In this week’s Success Newsletter, I would like to share the parable of two monks and a woman and it’s illustration about responsibility.
First a quick update:
“Trump’s 8 American Winning Values”
People outside the US are perplexed by the fact that a reality TV star could become the Republican Presidential Nominee. The answer isn’t anger at congress; it’s 8 unique American values; Read my insights here
“Cheating – How Successful Women Emasculate Men”
The male fragile ego.
Why are men emasculated by successful women and how does that lead to cheating? Watch the video!
Now, let’s talk about the parable of two monks and a woman.
Responsibility is the state or fact of being responsible, answerable, or accountable for something within one’s power, control, or management.
And there is so much in your life that is within you power.
“Every therapeutic cure, and still more, any awkward attempt to show the patient the truth, tears him from the cradle of his freedom from responsibility and must therefore reckon with the most vehement resistance.”
– Alfred Adler, Austrian Psychotherapist
Dr. Adler summed up in one sentence the greatest challenge and obstacle to all healing and therapy and to personal emotional freedom – accepting responsibility for oneself, for the way a person chooses to live and for the emotions he/she chooses to harbor, cultivate and express.
Most of us fall back into the victim mode – he/she did something bad to me. Yes, he/she did that bad thing and the amount of times he/she did that and the way you choose now to respond is your responsibility; it’s up to you to decide how you will respond to the challenges.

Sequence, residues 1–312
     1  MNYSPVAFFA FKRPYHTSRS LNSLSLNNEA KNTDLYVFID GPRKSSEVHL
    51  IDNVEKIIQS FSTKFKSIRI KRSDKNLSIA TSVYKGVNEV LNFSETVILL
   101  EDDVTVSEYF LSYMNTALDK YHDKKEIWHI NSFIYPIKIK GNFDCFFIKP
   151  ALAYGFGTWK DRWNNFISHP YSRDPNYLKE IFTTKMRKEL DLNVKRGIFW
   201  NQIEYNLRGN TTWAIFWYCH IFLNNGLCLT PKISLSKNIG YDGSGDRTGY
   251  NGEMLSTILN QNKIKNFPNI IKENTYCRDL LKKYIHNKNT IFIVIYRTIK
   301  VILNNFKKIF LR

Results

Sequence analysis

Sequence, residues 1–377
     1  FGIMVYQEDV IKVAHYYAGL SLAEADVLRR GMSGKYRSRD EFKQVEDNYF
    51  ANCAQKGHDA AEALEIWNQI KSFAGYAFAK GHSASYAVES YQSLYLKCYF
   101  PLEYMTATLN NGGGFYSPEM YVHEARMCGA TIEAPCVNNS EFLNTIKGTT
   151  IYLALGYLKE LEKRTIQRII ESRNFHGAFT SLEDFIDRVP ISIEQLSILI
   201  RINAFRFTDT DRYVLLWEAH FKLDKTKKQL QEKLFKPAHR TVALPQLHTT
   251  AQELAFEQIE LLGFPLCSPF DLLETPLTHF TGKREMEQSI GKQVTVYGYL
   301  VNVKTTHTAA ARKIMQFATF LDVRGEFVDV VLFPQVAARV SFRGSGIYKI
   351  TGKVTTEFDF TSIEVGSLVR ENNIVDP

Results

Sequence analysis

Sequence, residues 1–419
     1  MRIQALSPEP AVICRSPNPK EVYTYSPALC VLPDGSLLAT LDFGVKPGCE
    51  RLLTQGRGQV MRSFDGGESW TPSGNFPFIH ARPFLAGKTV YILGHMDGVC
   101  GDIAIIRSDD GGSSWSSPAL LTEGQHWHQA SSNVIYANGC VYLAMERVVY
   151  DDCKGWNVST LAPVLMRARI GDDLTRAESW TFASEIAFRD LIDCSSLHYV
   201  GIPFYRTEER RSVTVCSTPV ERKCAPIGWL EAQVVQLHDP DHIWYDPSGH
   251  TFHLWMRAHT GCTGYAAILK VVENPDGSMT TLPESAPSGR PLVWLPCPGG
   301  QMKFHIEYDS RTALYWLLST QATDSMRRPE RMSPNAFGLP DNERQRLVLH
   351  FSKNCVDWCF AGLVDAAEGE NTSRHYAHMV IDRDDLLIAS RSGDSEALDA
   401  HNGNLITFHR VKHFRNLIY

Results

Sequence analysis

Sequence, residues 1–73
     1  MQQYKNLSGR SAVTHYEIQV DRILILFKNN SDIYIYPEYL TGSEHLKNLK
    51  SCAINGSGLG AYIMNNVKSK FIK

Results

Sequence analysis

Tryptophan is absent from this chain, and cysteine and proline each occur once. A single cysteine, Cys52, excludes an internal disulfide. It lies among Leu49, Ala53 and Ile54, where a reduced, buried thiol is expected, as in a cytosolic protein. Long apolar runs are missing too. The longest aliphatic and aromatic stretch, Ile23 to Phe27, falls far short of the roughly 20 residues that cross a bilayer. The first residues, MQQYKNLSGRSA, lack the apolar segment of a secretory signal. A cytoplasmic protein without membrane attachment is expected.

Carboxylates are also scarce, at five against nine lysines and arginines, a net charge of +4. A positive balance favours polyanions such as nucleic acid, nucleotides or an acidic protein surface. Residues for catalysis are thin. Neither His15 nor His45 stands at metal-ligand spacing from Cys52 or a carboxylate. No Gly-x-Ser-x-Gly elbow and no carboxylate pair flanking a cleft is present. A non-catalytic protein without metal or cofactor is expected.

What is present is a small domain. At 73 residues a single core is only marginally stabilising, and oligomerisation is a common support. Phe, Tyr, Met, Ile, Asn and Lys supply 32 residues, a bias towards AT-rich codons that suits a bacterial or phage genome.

There is a powerful Buddhist parable about 2 monks and 1 woman:
Two monks (one old and one young) were travelling from one monastery to another. They were celibate monks, not even allowed to direct their gaze at women. After a long walk, they came to a river, which they had to cross. The river was flooded and there was no way that they would get across without getting wet. One lady was also at the banks of river, wanting to cross; she was weeping because she was afraid to cross on her own.
The Monks decided to cross the river by walking through the relatively shallow part of the river. Since the lady also needed to get to the other bank, the older monk, without much ado, carried her on his shoulders, and soon they reached the other bank, where he set her down. The lady went her way and the two monks continued their walk in silence. The other monk was really upset, finding the other monk’s act disturbing. As per their injunctions, they were not allowed to look at the woman, let alone touch a woman, and yet the other monk carried her on his shoulders and all the way across the river!
After a few hours the confused monk couldn’t stand the thought of what had happened which kept filling his mind, and so he began to berate the other monk, “We are not allowed to look at other women, not touch them, but you carried that woman.”
‘Which woman?’ replied the older monk.
“The woman you carried on your shoulders across the river!”
The other monk paused and with a smile on his lips he said, ‘I put her down when I crossed the river, are you still carrying her?’ (There are many variations of this parable and from various religions and faiths and https://spiritual-minds.com/stories/zen.htm )